War epic pulls in $54.7 mil worlwide

Call it “Troy the Destroyer”: Warners’ Greek odyssey pulverized the competition, chiefly the soph session of “Van Helsing,” all over the world last weekend.

The Brad Pitt-Eric Bana starrer nabbed an estimated $54.7 million from 6,722 playdates in 47 markets, an emphatic No. 1 in all, eclipsing its domestic preem.

“Troy” outmuscled the previous weekend’s bows of Universal’s monster hunter pic just about everywhere except Malaysia

The Trojan War epic captured a socko $8.5 million on 1,158 screens in Germany (27% higher than “Van Helsing” and the territory’s biggest debut this year). It notched up $6.3 million on 464 in Spain (7% ahead, and WB’s third best ever, excluding sneaks); $5.1 million in four days on 743 in France (4% up on “Van’s” five-day opener, and in admissions the best for a U.S. release this year); and $4.7 million on 416 in Australia (43% to the good, not counting “Helsing’s” previews).

Director Wolfgang Petersen’s pic drummed up $3.5 million on 730 in Mexico (WB’s fourth-biggest preem), $1.7 million in Greece (an industry record, sans sneaks, dethroning “The Lord of the Rings: The Return of the King”) and $1.7 million on 451 in Brazil (70% bigger than the vampire pic) .

Other markets that generated $1 million-plus include Turkey’s $1.4 million, Austria’s $1.3 million, Holland’s $1.2 million, Switzerland’s and Thailand’s $1.1 million and Sweden’s $1 million. Slightly less impressive were Singapore’s $722,000 (a bit better than “The Last Samurai’s” entry) and Malaysia’s $308,000.

Wobbly legs

“Van Helsing” tumbled by around 55% on average, wounded as much by word of mouth as “Troy’s” invasion, minting $23 million from 4,876 screens in 38 countries handled by UIP, plus $1.5 million from Russia, the Philippines and Iceland where it’s released by indies.

Its cume hit $95 million, and seemingly is headed for $150 million in UIP’s markets; how close it will get to $200 million will depend on how strongly it resonates in Japan and South Korea.

Hugh Jackman-Kate Beckinsale starrer was No. 1 again in Blighty, despite plunging 52% to $4.4 million. Its 10-day tally hit $17.5 million, outpacing helmer-writer Stephen Sommers’ previous “The Mummy” by 29% and “The Mummy Returns” by 14%.

Pic collapsed by 58% in France, coining $2.1 million, advancing to $7.7 million in 12 days, 11% below the first “Mummy” but 21% ahead of the sequel.

It minted $3 million in Germany (down 56%), raking in $12.1 million in 11 days, and $2.1 million in Spain (plummeting 58% after its company record debut), tallying $8.1 million, tracking well ahead of both “Mummy” capers.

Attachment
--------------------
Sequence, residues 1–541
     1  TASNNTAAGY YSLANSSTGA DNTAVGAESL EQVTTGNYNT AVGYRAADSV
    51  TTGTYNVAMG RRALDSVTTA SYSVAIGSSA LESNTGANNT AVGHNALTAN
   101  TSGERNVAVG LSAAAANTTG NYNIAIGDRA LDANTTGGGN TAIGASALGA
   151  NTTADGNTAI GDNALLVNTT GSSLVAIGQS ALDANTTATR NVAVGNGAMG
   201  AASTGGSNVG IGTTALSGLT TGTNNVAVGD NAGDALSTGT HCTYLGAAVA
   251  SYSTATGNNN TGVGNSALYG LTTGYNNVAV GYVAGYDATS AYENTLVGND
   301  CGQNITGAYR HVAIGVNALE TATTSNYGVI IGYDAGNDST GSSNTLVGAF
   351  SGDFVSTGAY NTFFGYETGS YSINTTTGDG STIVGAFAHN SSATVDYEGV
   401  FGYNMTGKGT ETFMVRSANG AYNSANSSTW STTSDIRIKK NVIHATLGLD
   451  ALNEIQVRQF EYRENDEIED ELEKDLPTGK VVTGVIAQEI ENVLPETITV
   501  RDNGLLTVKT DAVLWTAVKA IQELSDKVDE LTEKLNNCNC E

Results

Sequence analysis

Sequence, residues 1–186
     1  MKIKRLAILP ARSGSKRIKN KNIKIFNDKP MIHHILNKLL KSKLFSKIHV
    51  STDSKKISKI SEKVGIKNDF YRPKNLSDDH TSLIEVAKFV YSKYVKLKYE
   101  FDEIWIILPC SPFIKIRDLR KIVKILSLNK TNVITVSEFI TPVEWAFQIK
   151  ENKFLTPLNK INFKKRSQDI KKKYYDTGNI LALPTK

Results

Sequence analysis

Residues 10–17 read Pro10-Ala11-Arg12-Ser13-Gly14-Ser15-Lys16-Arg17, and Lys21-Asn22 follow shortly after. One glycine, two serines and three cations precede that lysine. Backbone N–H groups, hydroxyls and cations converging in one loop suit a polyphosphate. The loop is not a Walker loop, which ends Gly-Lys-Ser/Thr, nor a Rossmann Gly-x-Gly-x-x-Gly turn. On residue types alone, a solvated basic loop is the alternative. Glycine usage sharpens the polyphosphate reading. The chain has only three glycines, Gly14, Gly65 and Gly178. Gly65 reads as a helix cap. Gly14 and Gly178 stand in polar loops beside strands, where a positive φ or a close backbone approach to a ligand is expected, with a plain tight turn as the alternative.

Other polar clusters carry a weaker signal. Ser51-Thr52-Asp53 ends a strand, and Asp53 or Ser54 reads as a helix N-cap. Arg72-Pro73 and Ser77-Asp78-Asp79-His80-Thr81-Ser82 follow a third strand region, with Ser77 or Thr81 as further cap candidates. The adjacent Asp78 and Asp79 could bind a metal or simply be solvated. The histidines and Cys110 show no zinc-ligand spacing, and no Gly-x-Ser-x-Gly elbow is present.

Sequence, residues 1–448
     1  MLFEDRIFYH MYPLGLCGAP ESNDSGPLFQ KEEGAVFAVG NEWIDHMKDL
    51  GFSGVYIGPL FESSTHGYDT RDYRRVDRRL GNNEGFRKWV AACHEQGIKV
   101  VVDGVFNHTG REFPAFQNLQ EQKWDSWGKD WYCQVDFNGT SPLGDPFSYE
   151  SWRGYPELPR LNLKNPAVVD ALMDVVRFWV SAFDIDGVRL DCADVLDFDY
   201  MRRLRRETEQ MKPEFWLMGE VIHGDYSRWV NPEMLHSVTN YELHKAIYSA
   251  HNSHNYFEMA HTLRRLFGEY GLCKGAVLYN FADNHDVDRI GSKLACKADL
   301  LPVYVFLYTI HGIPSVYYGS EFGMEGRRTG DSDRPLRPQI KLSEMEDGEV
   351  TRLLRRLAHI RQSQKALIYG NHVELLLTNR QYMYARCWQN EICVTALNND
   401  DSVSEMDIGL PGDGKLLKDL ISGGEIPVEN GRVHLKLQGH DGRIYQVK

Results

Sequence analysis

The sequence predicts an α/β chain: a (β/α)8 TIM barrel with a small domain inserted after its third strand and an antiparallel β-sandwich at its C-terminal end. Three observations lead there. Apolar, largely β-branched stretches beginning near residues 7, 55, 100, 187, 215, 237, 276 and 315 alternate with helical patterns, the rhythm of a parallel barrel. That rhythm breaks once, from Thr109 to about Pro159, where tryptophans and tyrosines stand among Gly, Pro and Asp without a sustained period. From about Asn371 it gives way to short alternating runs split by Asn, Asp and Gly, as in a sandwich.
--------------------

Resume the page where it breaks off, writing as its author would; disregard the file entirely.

Monster pic reigned again in Italy, snaring $1.8 million (dropping 54%), biting off $6.9 million in 10 days and later this week will overtake “Mummy Returns’ ” $7.7 million.

“Helsing” declined by 54% in Australia, banking $6.2 million to date; shed 40% in Mexico, cuming $5.4 million; and lost 42% in Brazil, for $2.1 million.

Prized ‘Education’

One of the few rookies to make an impression, Pedro Almodovar’s “Bad Education” mustered $1.8 million on 297 in France after its Cannes fest launch.

Winding up its foreign tour, “Big Fish” fetched a soft $1.3 million on 238 in Japan, trailing the second weekend of local hit “Crying out for Love in the Center of the World.”

Tim Burton’s fantasy has grossed a reasonable $48.3 million, highlighted by the U.K.’s $11.5 million, France’s $7.3 million and Italy’s $4.2 million; but it didn’t catch on in Mexico, Germany and Asia.

Still playing on 1,743 screens abroad, “The Passion of the Christ” levitated to $229.2 million, including Italy’s $26.7 million, the U.K.’s $20.4 million and Japan’s solid $8.1 million after its third chapter.

“Kill Bill Vol. 2″ climbed to $55.8 million in 32 markets, boosted by South Korea’s lively $620,000 opener on 90. However, Quentin Tarantino’s pic is running out of steam elsewhere after amassing $14.5 million in the U.K., a tame $8.9 million in Japan, $6.4 million in Germany, $5.7 million in Italy and $5.4 million in Oz, all through its fourth stanzas.

“Dawn of the Dead” topped “Bill” in Korea, devouring $671,000 on 90, but drew a bloodless $1.6 million on 183 in Japan. Horror pic’s estimated cume is $27 million in 18 markets, led by the U.K.’s $10.4 million, but it’s had modest contributions from Germany, Italy, Spain and Mexico.

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